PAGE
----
• Human Needs Index, Salvation Army and Indiana University Lilly Family School of Philanthropy (May 2018). “A decade after the Great Recession, the Human Needs Index reveals that despite an improving national economy,” about “three-quarters of states show higher levels of need in 2017 compared to 2007.” (Emphasis added.)
  • State of the Nonprofit Sector 2018, Nonprofit Finance Fund (May 2018). Survey responses from “almost 3,400 nonprofit leaders across all 50 states and a wide range of sizes and missions” report, among many other things:
    • 86 percent say demand for services keeps rising, and 57 percent say they can’t meet it.
    • 66 percent say offering competitive pay is a top challenge, and 59 percent say they are finding it hard to employ enough staff.
    • 62 percent say financial sustainability is a top challenge, as is full-cost funding for 57 percent.

The data are irrefutable — adverse public policy actions continue to pile on more work and drain more resources. The bottom line? Nonprofits cannot continue to do so much more for so many more for so much longer with even less

Conclusion: Urgent Action Steps

Since Prometheus stole fire and gave it to humanity, fire has had the capacity both to harm and to do good. The 501(c)(3) community has been burned in the public policy arena, repeatedly, by ignoring threats and assuming that other policy players will voluntarily set aside their self-interests to be nice and fair to us.

Can we learn from those experiences to light a fire behind investing in and developing a robust defensive policy shield for the collective good?  We must. Otherwise, we will remain stuck in the vicious cycle about which George Santayana warned: “Those who cannot remember the past are condemned to repeat it.”

Foundations — both for themselves and for their grantees — need to invest in defensive policy work to protect the common interests of the 501(c)(3) community at the federal and state levels. They must do this both to help unravel the current debacle from the new tax law and to prevent the next policy disaster from blocking advancement of mission priorities.

Community-based nonprofits need to focus efforts where action can do the most good:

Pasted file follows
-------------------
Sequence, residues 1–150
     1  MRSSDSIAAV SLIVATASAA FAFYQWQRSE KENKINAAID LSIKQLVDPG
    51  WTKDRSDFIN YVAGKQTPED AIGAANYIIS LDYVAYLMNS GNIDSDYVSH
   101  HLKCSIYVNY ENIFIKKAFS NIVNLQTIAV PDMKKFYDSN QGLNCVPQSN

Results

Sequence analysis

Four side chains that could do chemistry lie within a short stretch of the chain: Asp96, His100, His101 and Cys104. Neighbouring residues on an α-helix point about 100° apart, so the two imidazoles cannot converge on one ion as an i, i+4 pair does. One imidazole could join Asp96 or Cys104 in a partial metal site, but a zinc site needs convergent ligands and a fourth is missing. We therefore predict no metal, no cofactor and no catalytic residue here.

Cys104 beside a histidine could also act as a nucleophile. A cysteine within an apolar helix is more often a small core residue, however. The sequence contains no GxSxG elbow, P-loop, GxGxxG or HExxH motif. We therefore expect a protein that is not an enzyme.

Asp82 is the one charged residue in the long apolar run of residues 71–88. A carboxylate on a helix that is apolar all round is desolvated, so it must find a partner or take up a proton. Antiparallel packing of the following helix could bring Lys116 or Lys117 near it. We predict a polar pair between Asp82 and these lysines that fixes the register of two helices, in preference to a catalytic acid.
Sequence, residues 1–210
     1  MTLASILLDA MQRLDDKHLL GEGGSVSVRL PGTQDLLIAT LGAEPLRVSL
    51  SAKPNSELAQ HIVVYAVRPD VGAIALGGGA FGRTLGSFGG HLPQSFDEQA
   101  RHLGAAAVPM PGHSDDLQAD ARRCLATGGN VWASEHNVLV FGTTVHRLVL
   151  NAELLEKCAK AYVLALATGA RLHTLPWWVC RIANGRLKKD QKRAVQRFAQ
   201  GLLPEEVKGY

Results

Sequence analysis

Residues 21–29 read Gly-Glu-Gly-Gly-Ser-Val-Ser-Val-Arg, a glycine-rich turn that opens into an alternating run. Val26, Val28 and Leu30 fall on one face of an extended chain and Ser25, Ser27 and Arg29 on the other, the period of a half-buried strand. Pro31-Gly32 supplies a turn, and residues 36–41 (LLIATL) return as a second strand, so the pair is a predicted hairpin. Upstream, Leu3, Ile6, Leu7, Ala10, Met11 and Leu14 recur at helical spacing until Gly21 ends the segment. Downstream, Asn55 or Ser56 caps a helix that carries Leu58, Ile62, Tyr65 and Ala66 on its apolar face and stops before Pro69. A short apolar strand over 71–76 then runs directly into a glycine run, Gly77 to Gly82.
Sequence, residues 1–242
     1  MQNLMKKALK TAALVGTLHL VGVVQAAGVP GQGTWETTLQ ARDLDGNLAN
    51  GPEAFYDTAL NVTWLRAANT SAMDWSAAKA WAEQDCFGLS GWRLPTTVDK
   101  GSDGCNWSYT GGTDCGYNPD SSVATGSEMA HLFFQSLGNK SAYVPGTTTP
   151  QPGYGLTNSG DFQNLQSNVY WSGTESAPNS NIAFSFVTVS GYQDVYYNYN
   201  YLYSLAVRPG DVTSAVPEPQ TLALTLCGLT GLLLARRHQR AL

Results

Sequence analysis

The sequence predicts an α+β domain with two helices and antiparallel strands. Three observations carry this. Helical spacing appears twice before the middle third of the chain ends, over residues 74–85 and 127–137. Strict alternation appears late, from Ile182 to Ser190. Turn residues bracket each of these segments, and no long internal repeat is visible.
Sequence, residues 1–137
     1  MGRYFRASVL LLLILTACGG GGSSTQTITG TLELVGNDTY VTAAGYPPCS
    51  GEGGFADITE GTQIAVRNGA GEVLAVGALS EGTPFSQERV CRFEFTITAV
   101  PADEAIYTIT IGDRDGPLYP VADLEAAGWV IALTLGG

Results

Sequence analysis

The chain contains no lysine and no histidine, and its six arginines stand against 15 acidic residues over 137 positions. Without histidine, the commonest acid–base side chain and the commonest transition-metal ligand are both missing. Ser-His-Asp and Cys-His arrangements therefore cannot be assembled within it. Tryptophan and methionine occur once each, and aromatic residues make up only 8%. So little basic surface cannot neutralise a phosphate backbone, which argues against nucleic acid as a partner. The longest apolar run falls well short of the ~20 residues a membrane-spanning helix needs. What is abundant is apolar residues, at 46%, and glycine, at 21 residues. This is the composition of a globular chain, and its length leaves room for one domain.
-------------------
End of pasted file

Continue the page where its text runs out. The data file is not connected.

• We all must block the latest attempt (launched two weeks ago, following several attempts last year) in Congress to politicize the 501(c)(3) community by passing anti-Johnson Amendment language.
  • We all must convince the Treasury Department and IRS to immediately and officially delay implementing the new UBIT provisions until a year after they release controlling guidance to provide a reasonable transition period for foundations and nonprofits to develop the necessary record-keeping systems.
  • We all must engage at the state level where legislatures regularly try to pass laws seeking to tax the property and other assets of foundations and nonprofits and interfere with our independence.

In this time of rapid disruption, this wisdom captured in the CEP research brief warrants emphasis: “Funders need to stop doing the same old thing: convening people, writing papers, doing research. Stop and rethink the model. … One funder we know created a rapid-response fund and then asked nonprofits to prove their impact, using the same methods as their traditional grantmaking.”

Finally, a large percentage of nonprofits responding to the CEP survey expressed a desire for foundations to educate their grantees about the new tax law. For foundations seeking to help your grantees in this way, please know you can point them to the free materials on the National Council of Nonprofits website that we have collected, developed, and curated for the good of the sector: Resources on How the New Federal Tax Law Impacts Charitable Nonprofits.

Tim Delaney is president & CEO of the National Council of Nonprofits.

Bracing for a Downturn: Nonprofits, Charitable Deduction Worries, and How Foundations Can Help is available for free download here.

donors, nonprofit sector, nonprofits, research, tax policy